Insurance companies need to run reports regarding large numbers of patients all of the time. The person whose credentials were hacked appears to have that type of role… So even the subtle partial encryption methods you are describing here would not have helped much.

It will be very interesting to see if HHS says anything about the Anthem situation.. as that will be telling about what they think “best practices are”. That is a great point!

-FT

Guest
Stoney DeVille
Feb 17, 2015

Fred,
Can you please point us to the “Root Cause” documentation of this breach at Anthem? Something that shows exactly how this data was stolen including versions of operating systems, databases, and password policies, etc. Without a clear understanding it is really difficult to make conclusions on what would and would not have helped SPECIFICALLY in this case. Generally encrypting “properly” both in transit and at rest is a best practiced as defined by HIPAA regulation and any cypher professional. Unfortunately the guidance provided by HIPAA law is not specific enough for “newbies” and is also a bit out dated. My experience in healthcare sees a minimal effort exerted by Health IT companies. I wish this was not true.

Guest
Feb 16, 2015

“This decision will depend on a variety of factors, such as, among others, the entity’s risk analysis, risk mitigation strategy, what security measures are already in place, and the cost of implementation. The decisions that a covered entity makes regarding addressable specifications must be documented in writing. The written documentation should include the factors considered as well as the results of the risk assessment on which the decision was based.”

Is it clear? No. But if you chose not to encrypt at rest you better write down WHY and get good counsel.

Guest
Saurabh Jha
Feb 10, 2015

There is one word for this: fragile.

EMR will turn out to be one of civilization’s most fragile innovations.

Guest
Feb 10, 2015

These data were filched out of an EMR? Ya learn something every day.

Guest
Saurabh Jha
Feb 10, 2015

No, but EMR will have its own problems, which this episode highlights.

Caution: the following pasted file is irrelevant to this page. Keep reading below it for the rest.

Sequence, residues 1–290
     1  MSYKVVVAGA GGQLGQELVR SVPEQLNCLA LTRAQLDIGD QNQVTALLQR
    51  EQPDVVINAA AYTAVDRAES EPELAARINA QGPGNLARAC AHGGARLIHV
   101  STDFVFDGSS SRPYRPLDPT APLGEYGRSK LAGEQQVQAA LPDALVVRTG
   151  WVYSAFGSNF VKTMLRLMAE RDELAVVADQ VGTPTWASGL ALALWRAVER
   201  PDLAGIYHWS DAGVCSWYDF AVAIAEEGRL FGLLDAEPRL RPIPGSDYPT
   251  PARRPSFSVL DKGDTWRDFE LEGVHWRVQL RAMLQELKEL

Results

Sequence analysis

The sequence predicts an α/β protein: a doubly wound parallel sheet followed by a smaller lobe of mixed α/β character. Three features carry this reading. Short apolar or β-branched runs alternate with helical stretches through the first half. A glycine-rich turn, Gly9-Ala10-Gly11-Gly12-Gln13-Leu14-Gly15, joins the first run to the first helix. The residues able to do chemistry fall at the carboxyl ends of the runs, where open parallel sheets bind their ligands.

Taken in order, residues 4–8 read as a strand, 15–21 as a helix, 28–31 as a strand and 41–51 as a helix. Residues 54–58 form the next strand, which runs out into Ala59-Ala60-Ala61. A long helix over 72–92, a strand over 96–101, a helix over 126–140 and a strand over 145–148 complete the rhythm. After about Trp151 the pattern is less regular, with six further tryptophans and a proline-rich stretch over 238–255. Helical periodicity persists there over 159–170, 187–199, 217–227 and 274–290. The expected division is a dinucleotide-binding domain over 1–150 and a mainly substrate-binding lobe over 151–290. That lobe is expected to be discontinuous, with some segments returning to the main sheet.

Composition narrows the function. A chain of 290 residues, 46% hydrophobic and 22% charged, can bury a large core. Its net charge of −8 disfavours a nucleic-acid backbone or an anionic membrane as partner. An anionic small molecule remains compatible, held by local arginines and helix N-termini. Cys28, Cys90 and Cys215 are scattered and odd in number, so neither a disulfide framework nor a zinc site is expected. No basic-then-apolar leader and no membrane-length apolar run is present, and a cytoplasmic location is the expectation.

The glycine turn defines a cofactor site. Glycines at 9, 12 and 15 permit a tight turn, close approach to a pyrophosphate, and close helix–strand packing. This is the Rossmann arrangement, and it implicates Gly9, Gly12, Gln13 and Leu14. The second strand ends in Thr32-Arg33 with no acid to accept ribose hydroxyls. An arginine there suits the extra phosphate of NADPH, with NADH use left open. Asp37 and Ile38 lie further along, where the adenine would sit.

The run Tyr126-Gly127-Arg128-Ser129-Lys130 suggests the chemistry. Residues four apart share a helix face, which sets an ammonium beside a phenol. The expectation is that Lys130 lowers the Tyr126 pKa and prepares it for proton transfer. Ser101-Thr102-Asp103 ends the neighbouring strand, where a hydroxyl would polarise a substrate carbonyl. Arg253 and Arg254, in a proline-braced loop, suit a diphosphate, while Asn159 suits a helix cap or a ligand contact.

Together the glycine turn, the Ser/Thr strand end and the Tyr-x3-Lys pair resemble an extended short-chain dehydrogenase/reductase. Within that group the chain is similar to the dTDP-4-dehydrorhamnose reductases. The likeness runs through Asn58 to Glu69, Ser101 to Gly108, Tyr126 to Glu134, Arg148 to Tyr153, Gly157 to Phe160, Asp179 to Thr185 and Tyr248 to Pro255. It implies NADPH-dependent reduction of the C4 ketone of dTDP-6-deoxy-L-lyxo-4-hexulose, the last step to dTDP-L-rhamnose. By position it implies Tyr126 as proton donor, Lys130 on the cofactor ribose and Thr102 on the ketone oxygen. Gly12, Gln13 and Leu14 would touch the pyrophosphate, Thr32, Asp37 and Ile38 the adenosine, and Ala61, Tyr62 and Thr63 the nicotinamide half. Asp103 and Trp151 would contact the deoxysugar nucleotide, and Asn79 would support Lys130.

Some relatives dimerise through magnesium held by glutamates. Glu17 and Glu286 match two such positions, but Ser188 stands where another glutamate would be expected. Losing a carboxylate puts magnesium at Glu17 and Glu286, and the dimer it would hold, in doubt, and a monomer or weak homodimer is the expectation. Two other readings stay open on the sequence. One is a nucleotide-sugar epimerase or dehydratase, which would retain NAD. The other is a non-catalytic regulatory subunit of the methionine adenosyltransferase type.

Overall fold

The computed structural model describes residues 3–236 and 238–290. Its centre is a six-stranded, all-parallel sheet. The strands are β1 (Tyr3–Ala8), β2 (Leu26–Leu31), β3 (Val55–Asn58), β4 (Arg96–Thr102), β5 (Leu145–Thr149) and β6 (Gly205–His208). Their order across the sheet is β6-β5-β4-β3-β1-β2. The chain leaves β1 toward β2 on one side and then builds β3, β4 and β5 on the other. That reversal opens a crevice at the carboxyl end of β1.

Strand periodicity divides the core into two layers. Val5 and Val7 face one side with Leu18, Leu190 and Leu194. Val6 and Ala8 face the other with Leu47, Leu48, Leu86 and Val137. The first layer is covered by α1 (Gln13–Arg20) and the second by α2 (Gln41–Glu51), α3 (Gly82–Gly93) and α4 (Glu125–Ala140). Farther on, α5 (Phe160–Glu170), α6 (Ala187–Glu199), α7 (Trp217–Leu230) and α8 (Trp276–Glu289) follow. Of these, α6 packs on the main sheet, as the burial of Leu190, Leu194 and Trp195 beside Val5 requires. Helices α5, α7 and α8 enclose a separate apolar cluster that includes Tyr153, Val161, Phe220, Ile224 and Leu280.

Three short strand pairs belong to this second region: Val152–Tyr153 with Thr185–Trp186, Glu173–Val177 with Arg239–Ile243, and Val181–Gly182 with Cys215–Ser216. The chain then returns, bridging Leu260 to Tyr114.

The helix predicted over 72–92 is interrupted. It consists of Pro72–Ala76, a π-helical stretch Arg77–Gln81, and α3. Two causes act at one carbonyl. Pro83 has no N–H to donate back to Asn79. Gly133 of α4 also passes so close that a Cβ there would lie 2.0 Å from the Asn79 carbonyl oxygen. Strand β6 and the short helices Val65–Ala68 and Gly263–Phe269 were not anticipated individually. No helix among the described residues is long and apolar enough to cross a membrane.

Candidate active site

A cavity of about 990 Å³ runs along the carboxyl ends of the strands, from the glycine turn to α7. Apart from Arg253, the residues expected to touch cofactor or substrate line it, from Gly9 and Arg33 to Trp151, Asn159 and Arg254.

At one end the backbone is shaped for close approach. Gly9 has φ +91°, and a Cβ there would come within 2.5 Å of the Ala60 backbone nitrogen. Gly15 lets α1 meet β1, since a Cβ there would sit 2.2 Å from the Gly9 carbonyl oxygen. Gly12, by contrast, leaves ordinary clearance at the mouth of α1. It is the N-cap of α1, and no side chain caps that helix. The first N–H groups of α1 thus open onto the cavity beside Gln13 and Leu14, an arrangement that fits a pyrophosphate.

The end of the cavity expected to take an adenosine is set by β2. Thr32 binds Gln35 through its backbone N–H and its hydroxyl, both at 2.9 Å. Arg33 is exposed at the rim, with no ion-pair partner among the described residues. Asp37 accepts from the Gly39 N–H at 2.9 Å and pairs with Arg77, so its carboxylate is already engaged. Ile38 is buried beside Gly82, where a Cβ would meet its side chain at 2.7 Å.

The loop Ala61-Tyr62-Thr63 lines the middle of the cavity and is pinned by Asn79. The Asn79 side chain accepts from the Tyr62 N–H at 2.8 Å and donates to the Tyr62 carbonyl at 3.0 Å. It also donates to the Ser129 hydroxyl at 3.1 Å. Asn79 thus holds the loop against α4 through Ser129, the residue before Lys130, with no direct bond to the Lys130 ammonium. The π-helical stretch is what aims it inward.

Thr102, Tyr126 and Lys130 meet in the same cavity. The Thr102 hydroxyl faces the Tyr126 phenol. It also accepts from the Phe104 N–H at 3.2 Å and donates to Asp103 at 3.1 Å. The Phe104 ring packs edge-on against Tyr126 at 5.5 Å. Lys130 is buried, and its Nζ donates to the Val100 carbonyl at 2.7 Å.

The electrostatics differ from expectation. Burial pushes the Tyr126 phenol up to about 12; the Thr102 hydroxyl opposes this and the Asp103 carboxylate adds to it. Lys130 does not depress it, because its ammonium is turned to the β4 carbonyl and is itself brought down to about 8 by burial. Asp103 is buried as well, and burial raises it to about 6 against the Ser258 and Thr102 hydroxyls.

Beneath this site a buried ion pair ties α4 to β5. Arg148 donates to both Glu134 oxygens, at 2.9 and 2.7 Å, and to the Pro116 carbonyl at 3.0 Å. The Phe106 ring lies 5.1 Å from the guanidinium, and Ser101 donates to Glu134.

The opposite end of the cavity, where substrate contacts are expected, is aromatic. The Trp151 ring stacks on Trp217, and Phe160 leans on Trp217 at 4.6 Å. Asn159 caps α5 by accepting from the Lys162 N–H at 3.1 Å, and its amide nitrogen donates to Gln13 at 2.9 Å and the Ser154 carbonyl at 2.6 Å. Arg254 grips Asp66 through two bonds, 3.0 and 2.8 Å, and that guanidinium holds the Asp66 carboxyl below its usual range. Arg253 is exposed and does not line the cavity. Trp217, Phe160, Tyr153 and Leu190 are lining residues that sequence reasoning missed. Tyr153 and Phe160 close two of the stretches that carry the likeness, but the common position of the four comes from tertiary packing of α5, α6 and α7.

Integrated systems tend to be fragile. They offer several advantages though.

Guest
Tom Burton
Feb 10, 2015

Anthem had a duty to protect the personally identifiable information (PII) of its customers. Encryption at rest is a minimum “best practice” for Social Security numbers and dates of birth. Other techniques, such as tokenization, could also have been employed to protect PII. Unfortunately, we will never know if these techniques would have protected our PII. If Anthem had used them I would be more willing to cut them some slack.

By the way, there is a reason that cars come with keys. While keys do not always stop the theft of an automobile, how much worse would car theft be if we lived in a world in which car keys never existed? Do you leave your house unlocked? After all, with your logic the thieves are going to get in anyway.

Guest
Feb 16, 2015

You are extending a metaphor way past the point I would defend it.

My whole point is that encryption at Rest is only sometimes the “best practice”.

Merely claiming, briefly, that something is the best practice doesn’t make it so.

Guest
Jon
Feb 25, 2015

I call BS. Best practices are not subjective. They either are or are not a best practice. Encrypting SSN at rest is most definitely a best practice that always makes sense.

Guest
Feb 9, 2015

Nice mention of this post in Medcity News 🙂

http://medcitynews.com/2015/02/encryption-might-stopped-anthem-hack/

I am withholding judgement until more information is available on the specifics of Anthem, but I would say that encryption is generally a good thing even if it would not have stopped them in this specific hack. A maintain it should be a requirement for healthcare data to be encrypted at rest (however see ars technica http://arstechnica.com/security/2015/02/why-even-strong-crypto-wouldnt-protect-ssns-exposed-in-anthem-breach/)

I also strongly agree with Michael Turpin – a national patient identifier can at least stem the bleeding in these cases. SSN should not be used in healthcare unless they are disability claims, and even then may not be completely necessary…

Guest
Feb 9, 2015

Change patent identifiers to exclude social security numbers
and you solve for the insurer issue. I’m pretty certain the plans
don’t need SSNs to delineate patients. As for the failing
of the NSA, buckle up America, this is just the beginning. The digital
Age is fraught with unintended consequences. I’m not
sure that we can lay the crime at the feet of anyone. The key
is risk mitigation. I wonder if anyone shorted Anthem prior
to the breach. Now that would be interesting….

Guest
Feb 9, 2015

See my reply to Peggy…